LONDON — Canny management at Compagnie Financière Richemont, parent of brands including Cartier, Dunhill and Van Cleef & Arpels, counteracted currency headwinds last year, and analysts say the future is looking rosy.

This story first appeared in the May 16, 2014 issue of WWD. Subscribe Today.

Full-year profits edged up 3.1 percent to 2.07 billion euros, or $2.77 billion, boosted by hedging gains in what remains a challenging environment for brands doing business in powerful currencies.

The Switzerland-based company revealed a dividend of 1.40 Swiss francs a share, or $1.57, up from 1 Swiss franc, or $1.12, last year, and said its net cash position has risen to 4.66 billion euros, or $6.39 billion, up 45 percent on the previous year.

On Thursday, shares in Richemont closed up 4.2 percent to 90.95 Swiss francs, or $102.23. Figures have been converted from euros and Swiss francs at average exchange rates for the periods to which they refer.

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Richemont reported that in the 12 months ended March 31 revenue rose 4.9 percent to 10.65 billion euros, or $14.27 billion, due to a strong performance from the jewelry and specialist watch segments.

Growth in those categories offset soft results at Dunhill, Chloé and Lancel, as well as 25 million euros, or $33.5 million, of restructuring at Montblanc, where the retail network has been slimmed down and the product offer fine-tuned.

At constant exchange rates, sales grew 10 percent in the 12-month period. Overall, results were in line with analysts’ expectations.

Retail sales from the company’s own boutiques, which now account for 55 percent of business, boosted much of the growth in the period. Retail sales were up 8 percent, compared with wholesale, which grew 2 percent.

During the year, Richemont added 42 boutiques — mostly in high-growth markets and tourist destinations — for a total of 1,056 stores. The company said that e-commerce at Net-a-porter also contributed to the retail gains.

The current year is off to a positive start: Richemont said sales increased by 1 percent at actual rates, and by 6 percent at constant ones, with its own retail network continuing to outperform wholesale in all regions except for Japan, which saw sales tax increase on April 1.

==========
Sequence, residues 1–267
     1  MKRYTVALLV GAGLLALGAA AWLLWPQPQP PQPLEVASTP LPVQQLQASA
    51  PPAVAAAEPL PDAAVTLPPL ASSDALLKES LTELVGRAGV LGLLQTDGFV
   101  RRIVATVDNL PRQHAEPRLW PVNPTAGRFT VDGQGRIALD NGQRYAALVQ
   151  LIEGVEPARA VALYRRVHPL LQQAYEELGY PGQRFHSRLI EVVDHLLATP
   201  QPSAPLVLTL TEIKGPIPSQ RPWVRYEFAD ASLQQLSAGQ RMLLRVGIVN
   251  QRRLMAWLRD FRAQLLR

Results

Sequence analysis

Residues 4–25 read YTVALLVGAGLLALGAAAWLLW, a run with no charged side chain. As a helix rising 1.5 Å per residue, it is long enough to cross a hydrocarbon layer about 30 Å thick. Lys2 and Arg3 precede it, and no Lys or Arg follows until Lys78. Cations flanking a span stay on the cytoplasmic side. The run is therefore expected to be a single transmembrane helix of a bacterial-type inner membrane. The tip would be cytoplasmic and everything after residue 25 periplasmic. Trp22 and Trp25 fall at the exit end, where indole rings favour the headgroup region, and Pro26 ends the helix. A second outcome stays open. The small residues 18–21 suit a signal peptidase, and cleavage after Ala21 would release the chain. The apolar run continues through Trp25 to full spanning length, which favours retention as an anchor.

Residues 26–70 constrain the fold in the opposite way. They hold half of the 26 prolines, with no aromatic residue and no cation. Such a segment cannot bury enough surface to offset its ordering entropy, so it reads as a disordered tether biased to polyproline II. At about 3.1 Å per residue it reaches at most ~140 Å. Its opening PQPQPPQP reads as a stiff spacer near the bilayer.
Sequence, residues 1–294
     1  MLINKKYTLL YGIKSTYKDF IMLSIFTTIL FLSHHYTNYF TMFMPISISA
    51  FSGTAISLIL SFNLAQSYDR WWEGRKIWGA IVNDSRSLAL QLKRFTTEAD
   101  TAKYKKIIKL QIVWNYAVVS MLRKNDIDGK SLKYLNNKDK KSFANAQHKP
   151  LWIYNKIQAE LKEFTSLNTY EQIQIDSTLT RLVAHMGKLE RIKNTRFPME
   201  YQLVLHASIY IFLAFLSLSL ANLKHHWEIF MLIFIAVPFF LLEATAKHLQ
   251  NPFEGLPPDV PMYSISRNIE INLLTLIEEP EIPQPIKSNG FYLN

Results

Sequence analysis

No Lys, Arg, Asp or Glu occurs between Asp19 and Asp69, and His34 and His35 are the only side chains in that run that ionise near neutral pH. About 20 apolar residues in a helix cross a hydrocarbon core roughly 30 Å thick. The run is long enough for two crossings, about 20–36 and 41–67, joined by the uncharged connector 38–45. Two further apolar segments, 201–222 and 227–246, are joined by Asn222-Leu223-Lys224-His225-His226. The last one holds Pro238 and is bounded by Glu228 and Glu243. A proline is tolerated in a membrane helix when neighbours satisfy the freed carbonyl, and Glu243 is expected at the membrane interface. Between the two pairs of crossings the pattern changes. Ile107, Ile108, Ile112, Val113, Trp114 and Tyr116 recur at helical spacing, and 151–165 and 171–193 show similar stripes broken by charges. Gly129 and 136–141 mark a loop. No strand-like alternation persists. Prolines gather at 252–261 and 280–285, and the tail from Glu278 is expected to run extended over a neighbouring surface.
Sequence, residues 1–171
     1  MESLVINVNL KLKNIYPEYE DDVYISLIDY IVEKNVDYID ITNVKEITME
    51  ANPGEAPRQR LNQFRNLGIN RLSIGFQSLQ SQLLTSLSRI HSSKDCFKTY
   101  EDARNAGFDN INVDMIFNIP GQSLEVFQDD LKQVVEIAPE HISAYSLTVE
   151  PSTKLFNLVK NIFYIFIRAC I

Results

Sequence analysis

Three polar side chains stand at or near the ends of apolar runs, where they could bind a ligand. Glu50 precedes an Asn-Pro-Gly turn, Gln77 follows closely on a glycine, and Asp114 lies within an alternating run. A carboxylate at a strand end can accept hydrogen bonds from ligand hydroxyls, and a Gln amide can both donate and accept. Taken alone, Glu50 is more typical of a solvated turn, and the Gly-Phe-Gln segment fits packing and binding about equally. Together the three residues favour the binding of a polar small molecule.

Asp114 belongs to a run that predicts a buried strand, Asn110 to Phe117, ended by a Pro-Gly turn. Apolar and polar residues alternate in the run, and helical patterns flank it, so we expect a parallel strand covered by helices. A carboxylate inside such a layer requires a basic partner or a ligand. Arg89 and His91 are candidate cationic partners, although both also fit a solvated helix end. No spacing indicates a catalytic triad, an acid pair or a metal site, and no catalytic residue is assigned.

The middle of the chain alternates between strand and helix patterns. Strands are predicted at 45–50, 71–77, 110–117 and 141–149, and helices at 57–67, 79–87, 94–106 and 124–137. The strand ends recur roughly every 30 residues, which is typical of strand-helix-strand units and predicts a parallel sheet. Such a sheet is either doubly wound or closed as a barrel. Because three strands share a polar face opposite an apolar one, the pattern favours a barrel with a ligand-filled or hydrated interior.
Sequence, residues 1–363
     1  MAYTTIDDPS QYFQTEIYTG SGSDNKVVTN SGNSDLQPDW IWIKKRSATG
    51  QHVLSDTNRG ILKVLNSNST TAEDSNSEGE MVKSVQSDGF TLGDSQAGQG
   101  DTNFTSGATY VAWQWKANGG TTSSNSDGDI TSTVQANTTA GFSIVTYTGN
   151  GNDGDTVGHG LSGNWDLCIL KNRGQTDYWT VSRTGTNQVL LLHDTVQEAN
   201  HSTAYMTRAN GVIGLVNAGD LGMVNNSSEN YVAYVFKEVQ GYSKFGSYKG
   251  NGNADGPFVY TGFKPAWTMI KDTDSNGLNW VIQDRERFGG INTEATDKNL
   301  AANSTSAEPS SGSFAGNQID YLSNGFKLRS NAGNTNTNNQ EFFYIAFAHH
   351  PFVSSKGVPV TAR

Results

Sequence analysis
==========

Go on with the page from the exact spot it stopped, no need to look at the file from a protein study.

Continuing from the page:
Excluding Japan, sales in April would have been up by 4 percent at actual exchange rates and 8 percent at constant ones.

Asia-Pacific, the Americas and Japan all showed an improved performance, with all regions notching single-digit growth except Japan, which was down 1 percent due to the weak yen.

At constant exchange rates, growth in Japan was 23 percent last year, driven by strong domestic consumption and a weak yen that drew “significant” inbound tourism, Richemont said.

Sales in Mainland China were below last year’s levels, reflecting weak demand in the wholesale channel, although Hong Kong and Macau showed an improved growth rate, and Korea rose in the double digits. The company said it recently bought out its local partner in Korea so as to have direct control over retail operations.

Richemont’s principals remain upbeat about China’s future, however. “Last year, Mainland China was hit by the gifting issue, and that was a significant part of business,” said Richard Lepeu, Richemont’s co-chief executive officer, during a conference call on Thursday.

“We have started to see better figures and growth in China over the last few months, and I am rather optimistic — as long as the economy continues to grow. The Chinese business is very sound — both at home and abroad,” he added.

The operating margin declined to 22.7 percent from 23.9 percent due to adverse currency effects, while operating profit edged down by about 7 million euros, or $9.38 million, to 2.42 billion euros, or $3.24 billion.

Richemont joins legions of other luxury brands in suffering the impact of the strong euro, pound and Swiss franc, especially in countries with weaker currencies such as Japan, Brazil, India, China and the U.S.

Gary Saage, Richemont’s chief financial officer, said during the call that the company raised its prices “multiple times” last year to adjust for the costs of doing business, and for adverse currency effects. He said prices would rise around 3 percent this year, with some regions seeing hikes of more than that, and others less.

Richemont said the soft luxury division, including Dunhill, Chloé and Lancel, contributed to the decrease in operating profit. Lepeu said that Dunhill and Chloé in particular would be “focusing mainly on the product offer,” to grow their businesses. He said the plan is to improve the leather offer at Chloé, with a new bag to be launched in the coming months.

Lepeu said that, in terms of geographies, Africa was showing particular promise, with strong double-digit growth in the year.

“Africa is a key project for us in terms of development, and we want to take advantage of business in Nigeria and Angola in particular. We need to open stores in the region so that we can sell to those clients when they travel. We are very attentive to what is going on, and we expect quite a good business there in the future,” he said.

Analysts were upbeat about the past year and the outlook for the current one.

Luca Solca, managing director and sector head of global luxury goods at Exane BNP Paribas, said 2014-15 won’t be a “limbo year” for the company, pointing to Richemont’s bulked-up retail network. Expectations are for gross margin to grow to 64.5 percent from the current 63.4 percent.

The company also confirmed that Richemont’s founder and shareholder of reference, Johann Rupert, would conclude his sabbatical in September, and stand for election as chairman of the board at Richemont’s annual general meeting on Sept. 17.

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